5. I don’t need to have a plan until…
Many people don’t think about a financial plan until they need one, such as when they’re making a big purchase or, worse yet, facing a financial crisis. The very definition of planning indicates that you need to start acting well in advance of these situations. Financial planning is about more than just those big moments in life; it’s about establishing a plan for your day-to-day life, too. After all, it’s in the day-to-day that you save for that big purchase or prevent a potential crisis by building an emergency fund. Imagine if you knew your spouse was about to turn 50 and you wanted to throw a party. You wouldn’t wait until the day of and simply expect cake, streamers and guests to show up on their own. Rather, you would likely have to plan for weeks or months in advance to ensure that everything went smoothly. Planning takes work, and it may be easier to continue to put it off, but just as you don’t want your spouse to show up to a party with no guests, you don’t want to be caught off-guard without sufficient funds.
6. Financial planning is just investing
Unfortunately, the word investing has become interchangeable with financial planning in many people’s minds. When you discuss asset allocation or rebalancing your portfolio, although these are investment concepts, what you can really learn is how your overall strategy should change based on your cash flow, or how your investments will play into your goal of saving for your children’s college fund. As with any part of financial planning, investing will affect the other parts of your financial plan—but that doesn’t mean that all you will get out of a plan is market advice.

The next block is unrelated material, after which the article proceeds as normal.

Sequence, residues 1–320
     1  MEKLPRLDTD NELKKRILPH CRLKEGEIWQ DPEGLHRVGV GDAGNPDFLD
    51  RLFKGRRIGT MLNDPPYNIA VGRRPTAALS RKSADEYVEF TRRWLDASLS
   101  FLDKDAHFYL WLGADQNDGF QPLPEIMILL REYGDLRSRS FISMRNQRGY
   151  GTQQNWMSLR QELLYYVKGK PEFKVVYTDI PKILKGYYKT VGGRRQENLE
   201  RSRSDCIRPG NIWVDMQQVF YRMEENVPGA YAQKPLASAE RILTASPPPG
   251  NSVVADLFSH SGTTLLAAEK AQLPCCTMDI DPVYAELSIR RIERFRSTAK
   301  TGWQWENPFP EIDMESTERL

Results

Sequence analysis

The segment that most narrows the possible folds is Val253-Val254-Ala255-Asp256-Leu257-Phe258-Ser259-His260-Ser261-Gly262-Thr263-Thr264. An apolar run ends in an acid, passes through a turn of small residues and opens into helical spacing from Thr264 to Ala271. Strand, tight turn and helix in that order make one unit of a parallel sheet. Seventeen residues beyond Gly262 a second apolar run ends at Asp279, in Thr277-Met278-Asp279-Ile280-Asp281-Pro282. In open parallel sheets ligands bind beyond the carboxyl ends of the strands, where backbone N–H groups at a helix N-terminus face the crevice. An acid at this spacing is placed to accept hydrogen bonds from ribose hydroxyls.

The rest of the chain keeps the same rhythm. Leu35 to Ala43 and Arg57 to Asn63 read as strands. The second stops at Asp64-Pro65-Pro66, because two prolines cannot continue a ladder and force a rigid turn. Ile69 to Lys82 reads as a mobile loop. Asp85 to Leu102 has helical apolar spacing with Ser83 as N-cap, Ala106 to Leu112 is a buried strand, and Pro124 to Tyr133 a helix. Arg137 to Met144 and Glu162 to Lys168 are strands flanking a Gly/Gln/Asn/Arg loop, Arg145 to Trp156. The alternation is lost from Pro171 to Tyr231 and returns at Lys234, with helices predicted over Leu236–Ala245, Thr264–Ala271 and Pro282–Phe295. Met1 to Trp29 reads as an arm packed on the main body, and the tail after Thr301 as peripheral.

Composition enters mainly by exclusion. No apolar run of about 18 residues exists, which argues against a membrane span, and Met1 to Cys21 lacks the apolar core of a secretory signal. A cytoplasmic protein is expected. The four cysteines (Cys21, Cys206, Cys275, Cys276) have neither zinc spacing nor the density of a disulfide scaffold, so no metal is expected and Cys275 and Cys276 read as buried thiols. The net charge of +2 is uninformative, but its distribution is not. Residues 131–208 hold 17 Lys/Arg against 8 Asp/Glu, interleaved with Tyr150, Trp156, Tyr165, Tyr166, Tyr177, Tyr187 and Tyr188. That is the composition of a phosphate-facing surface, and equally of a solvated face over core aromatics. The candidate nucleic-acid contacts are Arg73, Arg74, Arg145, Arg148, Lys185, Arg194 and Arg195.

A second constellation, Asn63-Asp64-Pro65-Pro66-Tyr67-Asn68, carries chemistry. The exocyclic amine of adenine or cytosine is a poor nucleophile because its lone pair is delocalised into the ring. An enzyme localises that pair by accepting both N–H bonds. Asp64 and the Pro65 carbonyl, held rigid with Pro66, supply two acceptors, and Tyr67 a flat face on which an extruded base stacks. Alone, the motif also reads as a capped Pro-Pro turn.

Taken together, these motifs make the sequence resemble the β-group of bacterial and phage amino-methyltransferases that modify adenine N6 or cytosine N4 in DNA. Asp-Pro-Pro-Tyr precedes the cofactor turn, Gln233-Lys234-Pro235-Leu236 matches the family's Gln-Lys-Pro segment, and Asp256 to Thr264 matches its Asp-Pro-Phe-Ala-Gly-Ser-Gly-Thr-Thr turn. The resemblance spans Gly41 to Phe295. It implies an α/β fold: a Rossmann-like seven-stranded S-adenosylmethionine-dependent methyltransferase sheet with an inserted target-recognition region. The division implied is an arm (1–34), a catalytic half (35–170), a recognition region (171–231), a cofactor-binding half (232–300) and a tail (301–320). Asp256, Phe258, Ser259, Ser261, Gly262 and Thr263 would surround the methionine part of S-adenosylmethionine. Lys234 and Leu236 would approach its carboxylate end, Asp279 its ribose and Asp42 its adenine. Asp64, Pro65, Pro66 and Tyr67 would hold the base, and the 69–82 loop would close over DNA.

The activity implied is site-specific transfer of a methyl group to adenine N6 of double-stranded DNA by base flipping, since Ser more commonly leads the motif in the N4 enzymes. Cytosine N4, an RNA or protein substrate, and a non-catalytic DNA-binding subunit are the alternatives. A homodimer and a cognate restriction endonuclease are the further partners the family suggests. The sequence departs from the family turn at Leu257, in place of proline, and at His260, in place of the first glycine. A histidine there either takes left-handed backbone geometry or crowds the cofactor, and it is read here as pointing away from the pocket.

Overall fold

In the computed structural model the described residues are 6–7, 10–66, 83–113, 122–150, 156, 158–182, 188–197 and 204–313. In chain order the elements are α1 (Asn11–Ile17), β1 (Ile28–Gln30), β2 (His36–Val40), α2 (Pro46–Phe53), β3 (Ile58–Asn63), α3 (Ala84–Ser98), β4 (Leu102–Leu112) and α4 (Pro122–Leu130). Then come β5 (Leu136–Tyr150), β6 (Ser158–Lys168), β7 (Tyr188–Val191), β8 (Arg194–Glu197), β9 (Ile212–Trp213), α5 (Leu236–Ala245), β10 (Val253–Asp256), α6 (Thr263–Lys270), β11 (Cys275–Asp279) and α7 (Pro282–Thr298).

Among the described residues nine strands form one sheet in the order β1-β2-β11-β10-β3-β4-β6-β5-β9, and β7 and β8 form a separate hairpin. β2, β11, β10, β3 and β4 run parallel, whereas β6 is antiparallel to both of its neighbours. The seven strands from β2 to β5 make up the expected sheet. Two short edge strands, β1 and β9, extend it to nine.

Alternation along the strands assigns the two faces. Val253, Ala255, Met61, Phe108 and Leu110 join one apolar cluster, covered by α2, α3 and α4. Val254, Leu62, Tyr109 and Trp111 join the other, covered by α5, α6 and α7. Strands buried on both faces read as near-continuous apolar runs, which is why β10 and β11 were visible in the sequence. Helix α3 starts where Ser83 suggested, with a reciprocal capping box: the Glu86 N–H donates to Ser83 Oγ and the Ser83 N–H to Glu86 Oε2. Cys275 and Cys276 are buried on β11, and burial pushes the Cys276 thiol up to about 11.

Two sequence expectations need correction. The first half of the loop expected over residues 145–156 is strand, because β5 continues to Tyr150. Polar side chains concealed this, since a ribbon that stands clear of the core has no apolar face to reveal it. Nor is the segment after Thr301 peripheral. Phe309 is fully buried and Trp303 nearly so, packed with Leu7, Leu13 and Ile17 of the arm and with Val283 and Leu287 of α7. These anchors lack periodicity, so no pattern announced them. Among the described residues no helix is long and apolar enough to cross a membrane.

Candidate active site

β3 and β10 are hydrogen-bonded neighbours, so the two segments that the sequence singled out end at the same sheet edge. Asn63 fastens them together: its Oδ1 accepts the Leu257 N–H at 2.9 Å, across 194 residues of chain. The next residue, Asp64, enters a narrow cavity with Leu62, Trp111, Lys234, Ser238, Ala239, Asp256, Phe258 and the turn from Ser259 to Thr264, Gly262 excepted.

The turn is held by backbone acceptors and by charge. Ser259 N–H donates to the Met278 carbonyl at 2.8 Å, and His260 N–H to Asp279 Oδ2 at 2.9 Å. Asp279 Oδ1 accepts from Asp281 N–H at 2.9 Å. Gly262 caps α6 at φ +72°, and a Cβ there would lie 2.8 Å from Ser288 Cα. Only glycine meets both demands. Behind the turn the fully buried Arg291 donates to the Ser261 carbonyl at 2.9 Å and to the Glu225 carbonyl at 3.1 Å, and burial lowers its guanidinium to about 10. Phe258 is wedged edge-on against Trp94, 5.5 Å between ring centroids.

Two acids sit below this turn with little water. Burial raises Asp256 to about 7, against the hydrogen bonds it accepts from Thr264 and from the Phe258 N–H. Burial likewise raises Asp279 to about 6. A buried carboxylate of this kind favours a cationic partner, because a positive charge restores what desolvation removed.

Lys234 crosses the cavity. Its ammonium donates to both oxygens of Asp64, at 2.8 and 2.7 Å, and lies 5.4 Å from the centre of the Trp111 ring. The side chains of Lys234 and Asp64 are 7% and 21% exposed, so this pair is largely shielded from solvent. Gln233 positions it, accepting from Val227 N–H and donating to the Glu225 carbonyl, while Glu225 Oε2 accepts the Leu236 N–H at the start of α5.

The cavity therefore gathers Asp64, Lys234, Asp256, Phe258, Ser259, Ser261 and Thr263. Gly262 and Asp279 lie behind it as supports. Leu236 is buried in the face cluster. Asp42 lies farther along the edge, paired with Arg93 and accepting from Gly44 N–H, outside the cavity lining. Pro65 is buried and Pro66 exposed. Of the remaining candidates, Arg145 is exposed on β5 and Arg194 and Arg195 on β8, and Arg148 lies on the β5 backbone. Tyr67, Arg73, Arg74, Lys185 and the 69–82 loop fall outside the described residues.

7. Financial planning is the same for everyone
In the same way some people reduce financial planning to simply “investing” or “retirement,” some people think that financial planning can be reduced to a set formula for success. They think that as long as they contribute to a 401(k), maintain a 30/60/10 asset allocation or purchase x amount of life insurance, they will be fine. However, it’s important to remember that no two financial situations are exactly the same. That’s what makes a financial plan so vital—it’s tailored to you specifically, so you can be sure that you’re making the best decisions based on your own lifestyle and no one else’s.
8. Financial planning is a one-time activity
You may want to simply write up a financial plan and then follow it to success. However, it’s unlikely that your financial circumstances will stay the same throughout your life, so your financial plan will have to change, too. For example, as you earn more money and approach retirement, you will likely want to put more money into your retirement account. As your risk tolerance decreases the closer you get to retirement, you will probably embrace a more conservative investing style. Just as you can’t buy a pair of pants when you’re 20 and expect to still be wearing them at age 70, you can’t expect your first financial plan to last you into retirement.